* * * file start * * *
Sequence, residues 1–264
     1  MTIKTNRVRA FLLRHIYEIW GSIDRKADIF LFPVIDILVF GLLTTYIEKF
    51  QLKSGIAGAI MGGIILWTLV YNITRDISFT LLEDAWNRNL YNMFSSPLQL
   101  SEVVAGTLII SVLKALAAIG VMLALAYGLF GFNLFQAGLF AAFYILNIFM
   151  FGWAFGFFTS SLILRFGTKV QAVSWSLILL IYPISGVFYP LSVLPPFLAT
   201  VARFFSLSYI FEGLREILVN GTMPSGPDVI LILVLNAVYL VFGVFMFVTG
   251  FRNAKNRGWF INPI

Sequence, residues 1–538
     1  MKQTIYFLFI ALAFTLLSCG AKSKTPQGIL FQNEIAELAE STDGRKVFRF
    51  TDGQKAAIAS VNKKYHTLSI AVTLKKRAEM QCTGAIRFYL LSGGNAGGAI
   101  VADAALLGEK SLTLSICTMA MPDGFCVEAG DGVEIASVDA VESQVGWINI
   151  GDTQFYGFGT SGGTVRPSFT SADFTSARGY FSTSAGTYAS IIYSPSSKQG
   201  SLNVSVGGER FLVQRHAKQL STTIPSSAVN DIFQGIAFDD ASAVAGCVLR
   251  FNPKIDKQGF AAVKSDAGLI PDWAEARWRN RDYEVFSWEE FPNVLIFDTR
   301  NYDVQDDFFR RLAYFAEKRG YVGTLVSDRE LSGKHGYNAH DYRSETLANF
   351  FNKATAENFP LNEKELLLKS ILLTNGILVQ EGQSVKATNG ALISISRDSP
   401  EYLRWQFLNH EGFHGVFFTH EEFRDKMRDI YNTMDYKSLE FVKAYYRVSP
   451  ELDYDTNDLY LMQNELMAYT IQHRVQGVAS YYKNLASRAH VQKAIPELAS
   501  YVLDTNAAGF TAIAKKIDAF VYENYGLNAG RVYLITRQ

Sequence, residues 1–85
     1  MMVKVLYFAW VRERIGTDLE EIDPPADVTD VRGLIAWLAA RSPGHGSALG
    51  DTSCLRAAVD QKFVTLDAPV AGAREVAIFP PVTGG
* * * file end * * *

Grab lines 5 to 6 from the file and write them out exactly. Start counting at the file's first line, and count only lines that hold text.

   151  FGWAFGFFTS SLILRFGTKV QAVSWSLILL IYPISGVFYP LSVLPPFLAT
   201  VARFFSLSYI FEGLREILVN GTMPSGPDVI LILVLNAVYL VFGVFMFVTG